Old January 10th, 2015, 09:41 PM
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Hey. Not shot- on the way out. Extremely slow to inflate springs, lower frequency compressor noise, and strong electrical burning smell. Interestingly- no caution lights yet.
Haven't removed the compressor to inspect it (no garage w/100yr old house). It's the original Hitachi, but the previous owner had a new drier kit installed at 82k miles (~60k miles ago). If it turns out that I can rebuild the motor, and have it last even remotely close to what the first one did- that changes quite a bit. But, I think what you're referring to is a seal repair kit, yes?


The air springs would need to be replaced regardless, and Arnott seems to be the best deal going based on their warranty alone.


Did the circuit breaker test late last week and left the truck for 72-hrs. Started at offroad height and by the end of the second day- all 4 corners were on their bump stops. Any idea which failed component(s) could have caused this? Front AND rear valve blocks?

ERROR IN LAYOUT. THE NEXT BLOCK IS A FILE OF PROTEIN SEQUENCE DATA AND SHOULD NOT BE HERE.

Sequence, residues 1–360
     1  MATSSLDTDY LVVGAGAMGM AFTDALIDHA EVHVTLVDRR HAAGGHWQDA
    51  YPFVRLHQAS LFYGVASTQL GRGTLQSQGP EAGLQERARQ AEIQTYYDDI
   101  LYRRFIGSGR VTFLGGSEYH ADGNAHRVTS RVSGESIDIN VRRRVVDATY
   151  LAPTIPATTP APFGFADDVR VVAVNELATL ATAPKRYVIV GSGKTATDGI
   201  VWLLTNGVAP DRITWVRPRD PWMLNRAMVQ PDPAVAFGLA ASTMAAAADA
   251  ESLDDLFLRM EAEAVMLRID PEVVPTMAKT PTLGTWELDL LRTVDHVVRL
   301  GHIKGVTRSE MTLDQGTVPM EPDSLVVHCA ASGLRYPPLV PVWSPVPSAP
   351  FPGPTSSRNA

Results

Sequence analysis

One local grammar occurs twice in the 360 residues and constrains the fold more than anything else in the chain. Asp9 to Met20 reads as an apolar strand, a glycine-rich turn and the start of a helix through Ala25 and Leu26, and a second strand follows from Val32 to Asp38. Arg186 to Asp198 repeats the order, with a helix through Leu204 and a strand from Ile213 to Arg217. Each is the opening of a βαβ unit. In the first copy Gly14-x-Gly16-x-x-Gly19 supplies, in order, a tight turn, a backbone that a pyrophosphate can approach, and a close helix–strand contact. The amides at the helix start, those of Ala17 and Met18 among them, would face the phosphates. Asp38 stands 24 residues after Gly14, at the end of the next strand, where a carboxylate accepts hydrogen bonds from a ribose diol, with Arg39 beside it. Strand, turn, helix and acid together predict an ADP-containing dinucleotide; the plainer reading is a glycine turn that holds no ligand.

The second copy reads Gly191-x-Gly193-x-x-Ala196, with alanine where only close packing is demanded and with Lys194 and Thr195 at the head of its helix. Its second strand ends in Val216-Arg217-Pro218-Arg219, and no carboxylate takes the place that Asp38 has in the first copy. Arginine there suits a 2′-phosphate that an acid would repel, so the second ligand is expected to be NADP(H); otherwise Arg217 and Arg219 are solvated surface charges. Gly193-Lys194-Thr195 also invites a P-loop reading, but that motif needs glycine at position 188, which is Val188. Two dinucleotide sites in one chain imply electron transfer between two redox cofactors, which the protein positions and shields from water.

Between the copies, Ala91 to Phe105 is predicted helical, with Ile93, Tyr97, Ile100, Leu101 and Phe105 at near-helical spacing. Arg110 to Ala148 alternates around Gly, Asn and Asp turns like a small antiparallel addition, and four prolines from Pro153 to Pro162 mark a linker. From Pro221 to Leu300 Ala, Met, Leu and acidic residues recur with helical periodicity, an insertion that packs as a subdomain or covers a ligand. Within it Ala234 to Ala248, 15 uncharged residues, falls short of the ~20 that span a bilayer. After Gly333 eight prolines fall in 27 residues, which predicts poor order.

QUOTE=nathanwind;597651]^this.

Ross, what makes you think your compressor is shot? Even if it is, the job to swap in a new compressor is simple. But I - like Jimmy - put in a new rebuild kit in my compressor on the '06 along with a new drier kit for total <$200 and my air suspension has been good to go since (115k on the clock).

Also did the same exact job on my friends '08. I told him which parts to buy, bring some beer, and we did it in my driveway one evening. Dealer had quoted him $1800 to replace everything as well.

Mainly what happens is the drier units have the silica gel deteriorate into white powder, which blocks air flow through the drier - throwing the amber "suspension" dash error. So at start up compressor runs for 30 seconds or so, then once it realizes there is poor air flow through the drier it stops and throws the error. You could *probably* even just replace the interior silica pellets instead of the entire drier...but it was only like $120 or so for the entire drier so I just went that route to replace the entire drier.[/QUOTE]
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  #20  
Old January 10th, 2015, 09:45 PM
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Replace airbags. They are all that actually leak IME. Compressor failures are caused by overwork from leaking bags.